There are a variety of reasons why Yahoo and Microsoft may not have fought it on public relations grounds. The least of which is that some middle-manager may not have thought that fighting it would put their name in the headlines for untold number of months at little cost. In most companies, the legal department, management, and PR departments are in different divisions if not different buildings --or even companies.

Word of mouth advertising is one of the most effective methods of advertising as any marketing / PR student will attest. This is why even the largest companies are looking for methods to generate word of mouth discussions. This can range from hiring students to go into bars and strike up conversations with people about a product to coming up with a creative commercial that gets everybody to tell their friend about it so that they will download the commercial over the Internet. (Remember the "Trunk Monkey" commercials?)

Yes, there have been plenty of public relations stunts over the years -- some of them largely free. Because their competitors didn't think to do the same thing doesn't mean that they didn't exist.

It doesn't align with their PR strategies... (2, Insightful)

Junta (36770) | more than 8 years ago | (#14749385)

For google, a core part of their PR strategy is 'do no evil', and therefore any opportunity to grandstand in a way that appears to comply with this core promise is gold for Google.

The other sites don't have that as a PR strategy at the moment. Therefore, they would perceive little to no value compared to their costs.

Of course, it does sound good to stand up to the government lately with all the negative trends against privacy going on, but as many have pointed out, google themselves is using the data in ways not that much different from the government plans, so it isn't 100% as good as they like everyone to think...

Think about what exactly? (1)

Serpent Mage (95312) | more than 8 years ago | (#14749461)

Google specifically states that they will use their information for their own internal purposes to improve searches and such. They specifically state that they will not hand out that information to 3rd party. The government is 3rd party.

Everyones complaining about googles hypocracy needs to get off their silly "they are a company now and like all companies have to be selfish and everything they do is public facing deception only". Get real. I'm by no means claiming they are protectors of the smaller people but they have done NOTHING wrong or hypocritical at all. In fact they are holding up their end of the promise they made to the smaller people.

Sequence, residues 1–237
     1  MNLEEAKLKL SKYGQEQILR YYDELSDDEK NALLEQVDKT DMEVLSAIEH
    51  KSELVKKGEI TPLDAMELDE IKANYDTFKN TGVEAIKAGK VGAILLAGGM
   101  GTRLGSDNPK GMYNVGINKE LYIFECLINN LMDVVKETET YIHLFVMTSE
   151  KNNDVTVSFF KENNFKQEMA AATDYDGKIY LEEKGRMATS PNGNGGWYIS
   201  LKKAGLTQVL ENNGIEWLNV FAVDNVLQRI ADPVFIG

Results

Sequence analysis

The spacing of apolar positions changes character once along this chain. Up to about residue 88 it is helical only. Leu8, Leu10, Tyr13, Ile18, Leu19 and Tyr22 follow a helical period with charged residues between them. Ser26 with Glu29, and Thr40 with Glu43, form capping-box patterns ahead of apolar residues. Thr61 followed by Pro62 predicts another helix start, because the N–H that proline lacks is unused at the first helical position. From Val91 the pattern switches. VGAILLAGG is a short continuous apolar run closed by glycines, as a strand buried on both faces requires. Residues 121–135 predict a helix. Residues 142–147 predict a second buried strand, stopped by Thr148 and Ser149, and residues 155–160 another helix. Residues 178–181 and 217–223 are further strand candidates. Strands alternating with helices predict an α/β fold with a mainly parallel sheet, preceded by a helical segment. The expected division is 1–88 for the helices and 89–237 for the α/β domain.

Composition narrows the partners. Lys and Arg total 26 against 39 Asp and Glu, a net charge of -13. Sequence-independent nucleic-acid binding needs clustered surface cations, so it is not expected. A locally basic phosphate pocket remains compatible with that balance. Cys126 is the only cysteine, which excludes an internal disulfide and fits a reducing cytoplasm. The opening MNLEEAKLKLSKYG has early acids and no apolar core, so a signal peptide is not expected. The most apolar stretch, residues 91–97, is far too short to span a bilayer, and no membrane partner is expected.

Re:PR Stunt ... (1)

GoofyBoy (44399) | more than 8 years ago | (#14749355)

I have to agree with this 100%.

Compare this from the legal documents;
Google users trust that when they enter a search query into a Google search box, not only will they receive back the most relevant results,

and how they are censoring/omitting results on the request of the government of China.

Somewhere Google knows how this looks at first glance to the average Internet user. "Oh look, they are protecting me from Big Brother! I should trust them!". Alot of companies do this sort of "image-management" and I believe alot of people would too. Google is no different. Be aware.

Re:PR Stunt ... (1)

Robotech_Master (14247) | more than 8 years ago | (#14749421)

And telling users when results have been omitted/censored. Which no other search engine in China does.

And letting their slower-but-uncensored version remain accessible to the Chinese people if they'd rather use that instead.

If people could get past their knee-jerk reverse-Lars-Ulrich "Money BAD!" reaction and consider what Google's actions mean for the Chinese people--folks who might never have realized that their searches were being censored will now have evidence of it staring them right in the face--they might consider that it is, if not an unqualified good thing, at least a step or two closer to the right direction than the Chinese people have been able to use before.

Re:PR Stunt ... (1)

GoofyBoy (44399) | more than 8 years ago | (#14749535)

>And telling users when results have been omitted/censored.

Yes that makes all the differnce in the world.

"These search results may be censored due to local laws, but we can't tell you why because that would be against local laws. It may be people getting run over by tanks or beastiality or pictures of Chairman Mao shaking hands with Elvis. Sorry for the ignorance we are propogating. Oh, and your search queries may be accessable to your local goverment for who knows what purpose. Except in America, where we will fight tooth-and-nail against doing something like this because this will result in a chilling effect on Google's Business and users trust."

Re:PR Stunt ... (1)

Robotech_Master (14247) | more than 8 years ago | (#14749680)

No, as in "This search result has been removed by government request" as opposed to "Here are all the search results you asked for."

Re:PR Stunt ... (1)

AusIV (950840) | more than 8 years ago | (#14749437)

You're exactly right. The number one named brand of 2005 [arstechnica.com] defied the United States Government, risking all sorts of possible reprecussions just to get more recognition. Surely they're not actually trying to uphold their customers' trust... That would be ludicrous.

Re:PR Stunt? (4, Insightful)

mgabrys_sf (951552) | more than 8 years ago | (#14749477)

Some public relations stunt. It caused their net-worth to drop billions this quarter. If I were an investor, I'd say try something else.

Re:PR Stunt? (1, Interesting)

Max Threshold (540114) | more than 8 years ago | (#14749660)

If you were an investor, I'd say shut the hell up. You have no say in the matter. The interests of the employees, the customers, and the community come before yours.